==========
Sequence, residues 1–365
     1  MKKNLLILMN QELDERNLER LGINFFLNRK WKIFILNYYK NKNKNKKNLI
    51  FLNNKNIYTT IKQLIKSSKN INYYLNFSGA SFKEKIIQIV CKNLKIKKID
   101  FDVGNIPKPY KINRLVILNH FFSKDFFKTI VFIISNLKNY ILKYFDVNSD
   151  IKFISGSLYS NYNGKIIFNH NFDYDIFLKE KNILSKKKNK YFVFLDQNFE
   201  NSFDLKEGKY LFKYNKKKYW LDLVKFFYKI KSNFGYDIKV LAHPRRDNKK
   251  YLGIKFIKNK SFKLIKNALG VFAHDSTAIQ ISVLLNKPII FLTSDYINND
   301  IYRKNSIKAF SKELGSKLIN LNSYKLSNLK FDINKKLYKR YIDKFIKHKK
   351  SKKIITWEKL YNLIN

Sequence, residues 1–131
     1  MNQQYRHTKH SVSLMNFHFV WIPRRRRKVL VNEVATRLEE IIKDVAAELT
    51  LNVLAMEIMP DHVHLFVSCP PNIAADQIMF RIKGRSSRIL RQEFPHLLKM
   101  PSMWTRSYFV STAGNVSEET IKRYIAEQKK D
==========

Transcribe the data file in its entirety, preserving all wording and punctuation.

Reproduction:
Sequence, residues 1–365
     1  MKKNLLILMN QELDERNLER LGINFFLNRK WKIFILNYYK NKNKNKKNLI
    51  FLNNKNIYTT IKQLIKSSKN INYYLNFSGA SFKEKIIQIV CKNLKIKKID
   101  FDVGNIPKPY KINRLVILNH FFSKDFFKTI VFIISNLKNY ILKYFDVNSD
   151  IKFISGSLYS NYNGKIIFNH NFDYDIFLKE KNILSKKKNK YFVFLDQNFE
   201  NSFDLKEGKY LFKYNKKKYW LDLVKFFYKI KSNFGYDIKV LAHPRRDNKK
   251  YLGIKFIKNK SFKLIKNALG VFAHDSTAIQ ISVLLNKPII FLTSDYINND
   301  IYRKNSIKAF SKELGSKLIN LNSYKLSNLK FDINKKLYKR YIDKFIKHKK
   351  SKKIITWEKL YNLIN

Sequence, residues 1–131
     1  MNQQYRHTKH SVSLMNFHFV WIPRRRRKVL VNEVATRLEE IIKDVAAELT
    51  LNVLAMEIMP DHVHLFVSCP PNIAADQIMF RIKGRSSRIL RQEFPHLLKM
   101  PSMWTRSYFV STAGNVSEET IKRYIAEQKK D